Mozart Sonata and Cognition

Remember the Mozart Effect? It was all the rage about 12 years ago. After my son was born in Georgia, we left the hospital with a Mozart CD. The Governor of Georgia had determined that giving every infant born in Georgia a Mozart CD was a very cheap price to pay to make that Georgia infant a genius.

The Mozart Effect was a phenomena described in a book written by Don Campbell in 1997. The thesis of the book was that listening to Mozart would increase your IQ and mental functioning. Much of the research in the book was based on work done by a French physician, Alfred Tomatis. Tomatis had treated over 10,000 patients using music and found that listening to Mozart improved spatial perception and language skills and decreased anxiety. Tomatis used Mozart to treat these problems but never claimed that listening to Mozart would make you a genius. Campbell’s book sensationalized the possible benefits of listening to Mozart and many mothers invested tons of money on 'Baby Mozart' CDs.

The Mozart Effect was thought, when the book was published, by many psychiatrist and cognitive therapist to be a fad and the research in the book came under serious scrutiny after the book was published. Almost immediately some researchers set out to test the claims of the book. Many studies were performed and the vast majority of the studies demonstrated no permanent changes in IQ from listening to Mozart. Some studies reported that any improvement in spatial perception, language skills or anxiety were transient and went away after the music stopped.

On a completely different note, it is interesting to me that we measure success of therapies such as behavioral therapy, music therapy and cognitive therapy by determining if the effects of the therapy persist after the treatment stops but we are happy to claim that medications are a great success because they work while you are using them. 

We would never say, "That Vyvanse is simply worthless, you get very little benefit once you stop taking it." but if you undergo a cognitive training program and the effects do not persist six month after the program (even though there was considerable improvements while you were doing the program) then the therapy is considered a failure. It makes you appreciate how powerful therapies like diet, sleep hygiene programs and exercises are as their benefits are long lasting.

It seems that Mozart has been found to help people, animals and even plants while they are listening but the effects stop if you do not listen. Studies in France have found that dairy cows that have Mozart piped into their stalls give more milk. In Japan, Mozart is played in breweries, near the yeast used to make sake, and the Japanese report that the quality of the sake is greatly improved by this music. In some language courses offered by the Immigration and Naturalization Service, Mozart is played because studies have found that language learning is improved when Mozart is piped into the classroom.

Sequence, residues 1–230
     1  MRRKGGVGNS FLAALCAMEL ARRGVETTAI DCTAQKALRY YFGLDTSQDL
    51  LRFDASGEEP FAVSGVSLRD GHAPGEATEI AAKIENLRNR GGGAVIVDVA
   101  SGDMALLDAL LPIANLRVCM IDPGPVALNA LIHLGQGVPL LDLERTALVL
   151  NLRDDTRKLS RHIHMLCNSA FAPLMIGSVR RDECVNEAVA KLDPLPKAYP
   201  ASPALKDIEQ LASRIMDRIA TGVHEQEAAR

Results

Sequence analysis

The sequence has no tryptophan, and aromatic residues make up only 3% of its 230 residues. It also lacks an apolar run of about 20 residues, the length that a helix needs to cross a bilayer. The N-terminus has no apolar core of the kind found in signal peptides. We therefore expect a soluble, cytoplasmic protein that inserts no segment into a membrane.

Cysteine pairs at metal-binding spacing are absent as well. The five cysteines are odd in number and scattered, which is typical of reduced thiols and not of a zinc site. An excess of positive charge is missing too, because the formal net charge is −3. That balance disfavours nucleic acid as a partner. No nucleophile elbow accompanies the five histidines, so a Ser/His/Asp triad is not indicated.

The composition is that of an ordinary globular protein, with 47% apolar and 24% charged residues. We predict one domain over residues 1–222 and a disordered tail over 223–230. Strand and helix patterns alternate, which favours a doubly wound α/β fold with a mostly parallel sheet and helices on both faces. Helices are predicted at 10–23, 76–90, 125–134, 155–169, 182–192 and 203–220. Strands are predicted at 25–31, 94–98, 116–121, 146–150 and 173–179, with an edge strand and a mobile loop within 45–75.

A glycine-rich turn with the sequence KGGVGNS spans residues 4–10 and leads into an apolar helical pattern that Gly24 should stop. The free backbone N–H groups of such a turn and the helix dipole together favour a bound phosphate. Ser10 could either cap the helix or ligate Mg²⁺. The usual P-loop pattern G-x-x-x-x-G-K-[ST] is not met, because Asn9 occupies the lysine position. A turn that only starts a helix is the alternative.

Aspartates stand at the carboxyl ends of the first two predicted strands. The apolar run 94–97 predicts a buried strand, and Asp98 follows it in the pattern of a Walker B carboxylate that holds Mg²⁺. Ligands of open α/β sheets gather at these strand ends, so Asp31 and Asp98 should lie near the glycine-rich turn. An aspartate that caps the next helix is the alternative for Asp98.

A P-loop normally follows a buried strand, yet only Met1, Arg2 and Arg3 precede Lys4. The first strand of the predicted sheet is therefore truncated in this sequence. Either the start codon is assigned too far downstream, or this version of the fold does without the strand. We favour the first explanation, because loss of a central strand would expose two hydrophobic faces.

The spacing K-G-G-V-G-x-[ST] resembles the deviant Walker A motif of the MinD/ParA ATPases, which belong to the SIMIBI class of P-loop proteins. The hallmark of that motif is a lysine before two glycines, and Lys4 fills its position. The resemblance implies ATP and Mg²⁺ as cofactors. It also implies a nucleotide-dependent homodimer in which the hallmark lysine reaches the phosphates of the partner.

Musicologist theorize that the tempo and rhythm of Mozart is helpful because it follows a pattern that the brain utilizes through auditory processing mechanisms to improve neurotransmission which in turn can improve symptoms such as anxiety, language and spatial perception deficits.. 

Many people prefer to work and many children prefer to do their homework with music playing in the background. A recent study performed at the University of Dayton, found that background Mozart improved the accuracy of language processing and the speed of spatial processing. Though it is Mozart's Sonatas that are reported to give the best cognitive effects, this study used 10 different Mozart pieces that were of the same tempo and found similar effects. 

Our children rarely want to listen to Mozart and I am pretty sure that Justin Bieber music will not give us the same benefits but then again who knows, we have yet to study it...

Percept Mot Skills. 2010 Jun;110(3 Pt 2):1059-64.
Background music and cognitive performance.
Angel LA, Polzella DJ, Elvers GC.
University of Dayton, USA.

The present experiment employed standardized test batteries to assess the effects of fast-tempo music on cognitive performance among 56 male and female university students. A linguistic processing task and a spatial processing task were selected from the Criterion Task Set developed to assess verbal and nonverbal performance. Ten excerpts from Mozart's music matched for tempo were selected. Background music increased the speed of spatial processing and the accuracy of linguistic processing. The findings suggest that background music can have predictable effects on cognitive performance.

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